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Social interactions of humpback whale (Megaptera novaeangliae) mother/calf pairs on a North Atlantic feeding ground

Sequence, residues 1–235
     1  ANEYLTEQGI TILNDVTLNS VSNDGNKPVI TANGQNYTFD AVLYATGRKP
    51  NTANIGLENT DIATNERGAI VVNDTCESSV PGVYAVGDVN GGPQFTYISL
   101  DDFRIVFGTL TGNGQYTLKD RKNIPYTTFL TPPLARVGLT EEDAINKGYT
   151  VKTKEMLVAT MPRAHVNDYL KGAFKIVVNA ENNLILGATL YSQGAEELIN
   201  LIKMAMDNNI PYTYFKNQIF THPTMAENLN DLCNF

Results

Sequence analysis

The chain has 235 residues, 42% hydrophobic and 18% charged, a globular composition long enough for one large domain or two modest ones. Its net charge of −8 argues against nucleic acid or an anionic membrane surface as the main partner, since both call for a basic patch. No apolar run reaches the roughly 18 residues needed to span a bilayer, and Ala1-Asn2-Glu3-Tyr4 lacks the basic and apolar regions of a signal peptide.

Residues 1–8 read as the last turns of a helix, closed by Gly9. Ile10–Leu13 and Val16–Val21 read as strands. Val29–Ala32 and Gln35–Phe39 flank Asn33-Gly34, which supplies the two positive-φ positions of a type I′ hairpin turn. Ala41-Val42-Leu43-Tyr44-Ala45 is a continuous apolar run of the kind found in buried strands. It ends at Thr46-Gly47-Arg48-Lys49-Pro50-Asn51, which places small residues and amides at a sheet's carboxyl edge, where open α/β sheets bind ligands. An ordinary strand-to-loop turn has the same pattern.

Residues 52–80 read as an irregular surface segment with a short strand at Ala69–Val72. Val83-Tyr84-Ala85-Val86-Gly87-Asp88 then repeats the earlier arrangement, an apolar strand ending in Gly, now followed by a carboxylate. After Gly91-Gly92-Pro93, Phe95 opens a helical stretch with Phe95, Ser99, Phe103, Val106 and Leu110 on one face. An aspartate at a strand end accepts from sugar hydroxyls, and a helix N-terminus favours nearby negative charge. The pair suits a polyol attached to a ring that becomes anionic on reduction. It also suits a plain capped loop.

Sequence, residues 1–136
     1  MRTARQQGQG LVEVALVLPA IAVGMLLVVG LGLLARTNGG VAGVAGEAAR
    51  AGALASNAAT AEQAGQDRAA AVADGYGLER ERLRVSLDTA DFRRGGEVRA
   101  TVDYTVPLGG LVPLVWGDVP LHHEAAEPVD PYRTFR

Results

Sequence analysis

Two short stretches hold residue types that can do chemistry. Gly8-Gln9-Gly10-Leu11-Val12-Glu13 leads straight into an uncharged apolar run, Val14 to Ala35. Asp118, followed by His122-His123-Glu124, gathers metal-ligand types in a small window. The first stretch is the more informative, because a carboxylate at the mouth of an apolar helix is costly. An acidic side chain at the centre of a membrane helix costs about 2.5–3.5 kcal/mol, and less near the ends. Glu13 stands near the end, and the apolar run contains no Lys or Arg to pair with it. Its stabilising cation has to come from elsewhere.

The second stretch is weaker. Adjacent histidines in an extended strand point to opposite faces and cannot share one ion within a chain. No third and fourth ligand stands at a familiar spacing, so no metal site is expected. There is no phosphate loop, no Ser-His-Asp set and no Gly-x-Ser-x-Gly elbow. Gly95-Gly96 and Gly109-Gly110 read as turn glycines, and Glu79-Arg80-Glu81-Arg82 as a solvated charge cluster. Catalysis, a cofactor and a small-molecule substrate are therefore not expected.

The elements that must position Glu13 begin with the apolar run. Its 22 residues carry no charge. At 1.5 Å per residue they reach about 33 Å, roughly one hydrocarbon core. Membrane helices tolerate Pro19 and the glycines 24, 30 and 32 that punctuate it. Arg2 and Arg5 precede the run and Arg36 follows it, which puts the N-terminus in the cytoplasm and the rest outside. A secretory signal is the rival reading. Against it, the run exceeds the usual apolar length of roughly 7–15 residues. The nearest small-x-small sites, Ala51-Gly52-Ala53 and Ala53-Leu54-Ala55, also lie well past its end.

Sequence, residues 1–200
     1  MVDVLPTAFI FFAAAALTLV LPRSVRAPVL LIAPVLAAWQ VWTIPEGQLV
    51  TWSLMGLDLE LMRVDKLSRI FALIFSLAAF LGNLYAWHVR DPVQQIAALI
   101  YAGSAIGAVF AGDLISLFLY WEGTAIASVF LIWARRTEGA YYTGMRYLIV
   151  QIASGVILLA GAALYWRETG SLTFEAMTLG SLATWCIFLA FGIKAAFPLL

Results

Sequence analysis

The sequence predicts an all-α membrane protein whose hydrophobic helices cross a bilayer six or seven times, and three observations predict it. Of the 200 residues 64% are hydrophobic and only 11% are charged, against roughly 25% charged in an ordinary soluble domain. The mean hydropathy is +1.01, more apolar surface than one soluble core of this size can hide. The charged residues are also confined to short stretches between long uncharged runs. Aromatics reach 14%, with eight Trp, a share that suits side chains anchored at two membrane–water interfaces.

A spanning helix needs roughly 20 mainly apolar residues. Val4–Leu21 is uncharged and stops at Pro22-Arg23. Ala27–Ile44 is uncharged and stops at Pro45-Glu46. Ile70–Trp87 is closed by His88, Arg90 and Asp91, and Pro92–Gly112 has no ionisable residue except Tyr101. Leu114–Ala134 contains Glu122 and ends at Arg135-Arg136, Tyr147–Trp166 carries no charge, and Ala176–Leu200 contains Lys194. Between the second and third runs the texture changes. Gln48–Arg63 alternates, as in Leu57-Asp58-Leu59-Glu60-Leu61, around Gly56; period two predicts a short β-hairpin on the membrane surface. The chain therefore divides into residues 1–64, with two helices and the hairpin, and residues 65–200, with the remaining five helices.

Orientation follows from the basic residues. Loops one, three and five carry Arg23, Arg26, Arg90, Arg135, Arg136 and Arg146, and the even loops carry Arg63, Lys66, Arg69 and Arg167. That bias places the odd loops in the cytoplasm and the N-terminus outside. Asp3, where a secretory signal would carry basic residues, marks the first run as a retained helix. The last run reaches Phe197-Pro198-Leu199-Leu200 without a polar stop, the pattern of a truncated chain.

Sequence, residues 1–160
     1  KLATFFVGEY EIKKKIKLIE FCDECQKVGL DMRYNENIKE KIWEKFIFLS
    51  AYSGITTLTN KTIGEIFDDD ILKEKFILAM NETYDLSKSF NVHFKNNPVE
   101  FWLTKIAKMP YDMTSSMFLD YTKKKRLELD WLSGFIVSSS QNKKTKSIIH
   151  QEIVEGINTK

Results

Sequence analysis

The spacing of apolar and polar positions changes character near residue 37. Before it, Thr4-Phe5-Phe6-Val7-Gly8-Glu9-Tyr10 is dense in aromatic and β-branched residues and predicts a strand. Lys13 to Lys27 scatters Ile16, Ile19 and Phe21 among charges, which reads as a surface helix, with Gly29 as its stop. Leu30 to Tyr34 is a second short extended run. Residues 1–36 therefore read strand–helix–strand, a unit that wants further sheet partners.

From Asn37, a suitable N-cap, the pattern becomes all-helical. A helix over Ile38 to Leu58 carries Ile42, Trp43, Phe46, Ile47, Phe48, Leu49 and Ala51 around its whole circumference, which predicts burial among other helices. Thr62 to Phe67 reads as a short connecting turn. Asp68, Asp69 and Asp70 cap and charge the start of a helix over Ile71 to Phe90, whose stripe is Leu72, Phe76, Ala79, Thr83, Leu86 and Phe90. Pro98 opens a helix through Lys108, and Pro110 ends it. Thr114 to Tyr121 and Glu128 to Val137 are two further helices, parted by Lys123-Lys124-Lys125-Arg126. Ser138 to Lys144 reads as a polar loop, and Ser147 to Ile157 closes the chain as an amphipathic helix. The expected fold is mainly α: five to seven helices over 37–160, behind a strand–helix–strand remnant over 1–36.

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We examined the association patterns and relative positioning of whales in groups containing a mother/calf pair in the southern Gulf of Maine between 1984 and 1998. We defined association patterns based on associate age and sex class, and the mother's reproductive history. Mother/calf pairs had an overall preference for adult males. In years when the same females were not accompanied by a calf, they had a preference for adults of either sex and male sub-adults (whales between five and seven years of age). We also compared associations of females combined for all years that they had calves versus years without a dependent calf and found distinct differences. In years with and without a calf, females often associated with adult males. However, in years with a calf, there was an increase in association with juvenile males and in calf-less years, there was an increase in associations with adult females. The reproductive history of the mother did not seem to impact her associations; analysis of association patterns of mothers with varying reproductive parameters did not yield significant results. Mothers were positioned between the calf and associates in the group significantly more often than expected, both in duration and surfacing frequency. However, the relative positions of individuals in the group were not fixed; they were fluid and shifted often. Interactions between mother and juvenile associates sometimes appeared antagonistic, with the juvenile attempting to place itself next to the calf and the mother blocking its approach. Our data demonstrate that mother/calf pairs, while less social than other humpback whales, have specific social patterns when on their feeding grounds.


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